hymn might be passing through his mind, which read, 
' Enter, sinner, ere it be too late,' or possibly the words we 
read over bridges, ' Keep to the right as the law directs.' " 

And then, in another, " Dear mother, don't forget to bring 
me more specimens." 

At about the age of twenty-one he suffered from the 
poetic fever, and wrote a parody in the measure of " Hia- 
watha." He is to be pardoned. He could not help it ; we 
all did it. It was in the air, and we took it as we did the 

His European letters are all excellent. Those from Eng- 
land in 1866, written shortly after the close of the war, show 

the interest that was beino- awakened there in American 
affairs, when the people of Eno'Land realized the strength of 
our government. There is nothing of the guide-book in 
these letters. For descriptions you are frequently referred to 
printed authorities : it is the people -w-ith whom he came in 
contact that he writes about, and you cannot but feel that 
the views he are those of a close observer. 

In spealdng of the imperfect knowledge the English had 
of America, he wrote : " The English people, old and young, 
need to begin at the beginning. There are some newspapers 
which do understand the vital principles of our government, 
hut they are so few that they all are not more than four or 
five in the whole kingdom as far as I know. The Morning 
Star is one which does not hesitate to speak plainly, for only 
lately I saw some remarkably clear statements in its edito- 
rials. In one it said : ' "What is an American but an 
Englishman with a vote in his hand '!' al.-o, ' TVhat was the 
cause of the rebelUon of the American Colonies ? Taxation 
without representation!' Turning from the comparison of 
our people to tlieirs, crushed with ignorance and pauperism, 
they ask, ' TThat is Continental Europe doing ? Swiftly 
advancing towards universal suftrage. Are Englishman to 
be treated as inferior to the Continental nations they have so 
long sneered at ?' They, the editors of the Morning Star, 
ask, ' Does it injure the people ? "What made the Americans 
able to crush the greatest Rebellion that ever existed, but 
the feeling that each American had, that he himself was a 
part of the Government and personally responsible for its life 
and safety?' " His friends, he says, asked a good many 
questions about our Government, the freedmen, etc., which 
he explainetl as well as he could. " I longed," he said, " to 
have had ability to speak more plainly. I tried to do the 
best I was able, feeling the above truth very strongly :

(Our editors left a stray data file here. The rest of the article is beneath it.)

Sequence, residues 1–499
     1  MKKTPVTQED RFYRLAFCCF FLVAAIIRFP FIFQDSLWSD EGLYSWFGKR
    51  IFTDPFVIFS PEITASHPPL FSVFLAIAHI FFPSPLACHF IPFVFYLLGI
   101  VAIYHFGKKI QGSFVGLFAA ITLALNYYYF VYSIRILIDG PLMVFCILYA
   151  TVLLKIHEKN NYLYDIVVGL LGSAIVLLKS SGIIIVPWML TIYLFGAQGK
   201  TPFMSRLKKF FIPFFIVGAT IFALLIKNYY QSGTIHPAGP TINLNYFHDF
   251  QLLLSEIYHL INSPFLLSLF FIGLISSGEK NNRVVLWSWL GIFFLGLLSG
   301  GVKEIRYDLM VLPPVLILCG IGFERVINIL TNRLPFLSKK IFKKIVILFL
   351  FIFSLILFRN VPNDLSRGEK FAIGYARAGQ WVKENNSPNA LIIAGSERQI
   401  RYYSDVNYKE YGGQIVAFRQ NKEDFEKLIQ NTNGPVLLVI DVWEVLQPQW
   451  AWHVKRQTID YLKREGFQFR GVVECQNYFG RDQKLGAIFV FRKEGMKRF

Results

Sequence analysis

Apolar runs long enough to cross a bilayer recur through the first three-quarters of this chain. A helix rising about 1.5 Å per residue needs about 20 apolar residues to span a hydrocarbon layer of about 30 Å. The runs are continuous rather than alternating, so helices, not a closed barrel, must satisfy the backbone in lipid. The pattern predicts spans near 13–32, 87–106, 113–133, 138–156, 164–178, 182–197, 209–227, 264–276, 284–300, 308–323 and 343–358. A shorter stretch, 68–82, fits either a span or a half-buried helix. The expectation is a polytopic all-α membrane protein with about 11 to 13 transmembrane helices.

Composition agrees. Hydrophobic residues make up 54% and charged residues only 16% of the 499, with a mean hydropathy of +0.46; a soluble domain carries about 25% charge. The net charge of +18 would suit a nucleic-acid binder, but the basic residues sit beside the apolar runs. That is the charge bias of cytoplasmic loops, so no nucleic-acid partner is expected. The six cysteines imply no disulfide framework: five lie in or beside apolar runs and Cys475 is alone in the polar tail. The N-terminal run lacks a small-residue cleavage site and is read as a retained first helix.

• Every American is a part of his Government, and upon 
himself the life and safety of the nation depend.' Some of 

our American friends who have been in England for many 
years say that since the Rebellion the English have learned 
much more about America." 

" In London, when I first came I noticed a large crowd 
gazing at something in front of a shop-window, and, as I 
always had a countryman's taste for a shoii-window, I deter- 
mined to see too. When I got a look, after some cro-\vding 
and squeezing, what do you think it was ? Nothing but a 
picture of one of our American locomotives. However, I 
felt a sort of national sympathy for it which repaid me. It 
was no wonder the English looked upon it as a very chimeri- 
cal-looking animal, alongside of the funny Phiglish engines, 
which have pipes not much bigger than we use for stoves, 
and when they whistle it sounds like the shrieks of a woman 
in hysterics." 

The rudeness of the English whom he met on the Continent, 
who appeared to be perfectly ol)livious of otliers, refusing, 
or neglecting, to recognize their presence by the slightest 
inclination of the head, when coming to or leaving the tabic, 
excited his intense ire. " Bob and I," he said, " kept up 
our good American custom of being polite in spite of these 
people. There was no intention, in their abrupt manner of 
leaving you, of being rude, but we found that they really 
did not know any better, any of them." 

On his second visit he writes of the Swedes : "I still 
have the same opinion of the Swedish people. They are 
much superior to many other European nations ; take the 
average, they are more retined-looking, manly, independent, 
and neater in their personal appearance than many Europeans. 
It is a matter of congratulation that our western population 
will be largely descended from these northern races, who, in